Then in late 2016, Garcia learned about a Long Beach City College offering that might help him finally land a job: a 14-week commercial truck driving program that focuses on drayage, or transporting goods short distances (for example, from a ship to a warehouse). Students get an introduction to commercial trucking and learn about everything from owner-operator entrepreneurship and clean truck operator maintenance to hazardous materials certification and commercial driver training and licensing. The program doesn’t cover wage theft or similar challenges of being a contract driver in the Los Angeles and Long Beach port systems, but a fair wage advocacy group launched a national hotlinewhere drivers can report wage theft violations in 2016. (It doesn’t get into the future of driverless vehicles either. Melissa Infusino, LBCC director of workforce development, says that industry people she’s spoken with about this technological advancement don’t believe it will affect drayage trucking in the near future.)

Most importantly, for Garcia, LBCC offers the program in partnership with the state of California and the Harbor Trucking Association, a Long Beach-headquartered coalition of carriers.

“We’re also then bringing in industry into the classroom to speak to them about their companies, taking them on tours of the industry, and then helping to make the connection through job fairs so that they can actually get hired as a driver,” says Infusino.

Garcia completed the LBCC program in May and has been working as a driver since two days before his graduation. He says that his confidence improved in the LBCC program compared to his previous trucking school experience.

“If a company can get a Long Beach City College graduate, they’ve definitely scored,” Garcia says. “I’ve heard of only one other program that was more comprehensive and that was a six-month program.”

LBCC’s 24th commercial driving class is currently in session and will graduate in October. Over 180 people have completed the program, including 19 women and 35 veterans. Of those, 63.9 percent have been placed in jobs. The median hourly wage for heavy and tractor-trailer truck drivers in California is $19.87, or $41,340 annually, according to the Bureau of Labor Statistics. Drivers who operate in ports are specialists and can earn up to $57,528 annually, according to 2014 data from the California EDD Labor Market Information Division.

“We screen folks with industry. We look at their driver history. They have to provide us with a drug screen. We interview them,” says Infusino. “We look for people that are interested in a career as opposed to a job or just jumping from training to training.” (According to LBCC, 19 percent of its students enroll with the goal of gaining vocational skills.)

Scott Horn, 49, was in one of the first cohorts, in early 2014. Horn, who worked as a lumper, a worker who unloads and loads trucks, before enrolling, says the LBCC program changed his life.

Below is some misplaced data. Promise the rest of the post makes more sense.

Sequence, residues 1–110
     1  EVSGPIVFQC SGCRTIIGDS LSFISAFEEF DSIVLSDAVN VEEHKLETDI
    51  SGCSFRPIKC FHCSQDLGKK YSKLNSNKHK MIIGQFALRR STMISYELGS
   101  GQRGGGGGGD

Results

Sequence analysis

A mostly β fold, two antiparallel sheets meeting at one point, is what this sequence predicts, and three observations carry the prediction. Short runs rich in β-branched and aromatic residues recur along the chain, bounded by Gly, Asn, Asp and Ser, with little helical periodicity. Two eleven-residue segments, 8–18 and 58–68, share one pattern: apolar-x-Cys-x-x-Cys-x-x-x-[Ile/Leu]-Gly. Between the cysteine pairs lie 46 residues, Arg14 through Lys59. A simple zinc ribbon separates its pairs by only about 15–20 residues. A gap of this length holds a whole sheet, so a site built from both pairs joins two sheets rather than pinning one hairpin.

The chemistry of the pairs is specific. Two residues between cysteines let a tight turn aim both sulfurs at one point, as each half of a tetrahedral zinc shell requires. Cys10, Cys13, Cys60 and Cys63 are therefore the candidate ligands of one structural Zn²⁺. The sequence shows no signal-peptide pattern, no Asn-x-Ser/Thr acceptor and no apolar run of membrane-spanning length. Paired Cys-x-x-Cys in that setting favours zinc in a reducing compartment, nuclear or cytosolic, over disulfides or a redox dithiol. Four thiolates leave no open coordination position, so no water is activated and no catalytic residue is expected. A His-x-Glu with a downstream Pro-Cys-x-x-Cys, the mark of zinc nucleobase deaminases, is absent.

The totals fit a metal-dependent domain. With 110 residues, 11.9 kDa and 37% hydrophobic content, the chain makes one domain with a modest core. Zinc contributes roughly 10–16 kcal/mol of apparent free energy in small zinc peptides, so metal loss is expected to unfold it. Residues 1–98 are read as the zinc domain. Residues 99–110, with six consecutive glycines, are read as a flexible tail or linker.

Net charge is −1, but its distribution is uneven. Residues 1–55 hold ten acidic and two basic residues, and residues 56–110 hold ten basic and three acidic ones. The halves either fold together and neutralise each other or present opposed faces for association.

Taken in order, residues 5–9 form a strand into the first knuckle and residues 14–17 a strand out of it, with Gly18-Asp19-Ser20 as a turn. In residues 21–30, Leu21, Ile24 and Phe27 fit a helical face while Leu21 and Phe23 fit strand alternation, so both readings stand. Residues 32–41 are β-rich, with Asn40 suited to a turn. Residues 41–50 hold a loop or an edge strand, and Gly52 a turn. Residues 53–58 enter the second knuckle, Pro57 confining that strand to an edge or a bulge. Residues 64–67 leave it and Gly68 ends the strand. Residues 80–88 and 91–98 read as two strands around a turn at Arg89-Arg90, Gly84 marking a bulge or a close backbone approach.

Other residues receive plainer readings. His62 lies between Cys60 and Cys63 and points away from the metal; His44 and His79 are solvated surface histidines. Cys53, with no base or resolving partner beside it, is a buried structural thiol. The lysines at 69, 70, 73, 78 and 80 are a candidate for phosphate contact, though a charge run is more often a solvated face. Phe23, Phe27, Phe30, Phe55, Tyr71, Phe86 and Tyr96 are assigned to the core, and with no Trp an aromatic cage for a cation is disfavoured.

“My teacher always told me in school, I would never get paid to stare out a window. And I’m staring out my windshield all day long,” he says. “And I’m getting paid.”

When Horn was in the program, it was free to students, with the help of a $440,000 grant from the California Community College Chancellor’s Office and $450,000 from the trucking industry, in a two-year pilot phase. In 2013, the college also received a grant from the U.S. Department of Transportation’s Federal Motor Carrier Safety Administration geared toward training veterans to become truck drivers.

The grant funding will run out in February 2018. Starting this calendar year, students have had to pay a fee, which increased from $500 in January to $1,500 for the most recent cohort.

“If we do continue down this path, the cost would probably go up to about $4,500 a student,” Infusino says. “So that’s the transition that we’re making over the next year, continuing into 2018.”

Garcia says he wouldn’t have been able to pay for the program himself if it cost $4,500, without financial assistance from an organization like U.S. Vets.

Making the program accessible is a priority, Infusino says, and LBCC is hoping to create a hybrid student-partner pay model to make the program sustainable without reliance on grants. The college’s workforce development department is going through the process of getting the CDL program on an authorized training provider list in the state of California, which would allow a public agency like the Pacific Gateway Workforce Investment Network to use its funds to cover program costs for people who are eligible for their services.

LBCC is building on the initial success of the commercial driving program by looking for other ways to train Southern California residents for well-paying jobs. The college has two other training programs that started recently and are free for participants: a pre-apprenticeship construction program and another in heavy duty preventive maintenance and alternative fuels.

When Ruth Long, 55, learned about the construction program, which prepares students for apprenticeships with unions, she says she was looking for a better job. She worked as a waitress and bartender, and didn’t make enough money to make ends meet. And she didn’t have healthcare.

In California, trades from carpenter to electrician have apprenticeships with multiyear training programs leading to union membership and employment. According to LBCC, graduates of these two new programs can expect to earn $20 to $25 an hour.

LBCC created its pre-apprenticeship program in response to demand for construction workers in Los Angeles and Orange counties. These trades, says Infusino, “have typically not been diverse and really haven’t reached people who don’t have a friend or family member who are already in a union. The pre-apprenticeship program is really a way to reach into the community, to disadvantaged communities, to nontraditional folks to really get them ready and connected directly with these opportunities.” It is also a way to help contractors meet local hire mandates.

About three weeks after completing the pre-apprenticeship program, Long landed a spot in the apprenticeship program with Painters Local 1036. She says the program was time well spent. “They were preparing us to shine a little shinier than the other people,” she says.

Deonna Anderson was a 2017-2018 Next City equitable cities fellow. An Oregon-based reporter with experience covering city government and social issues, she graduated from the CUNY Graduate School of Journalism with a concentration in urban reporting. Her work has appeared in The Marshall Project, Oregon Humanities and Vice’s Motherboard.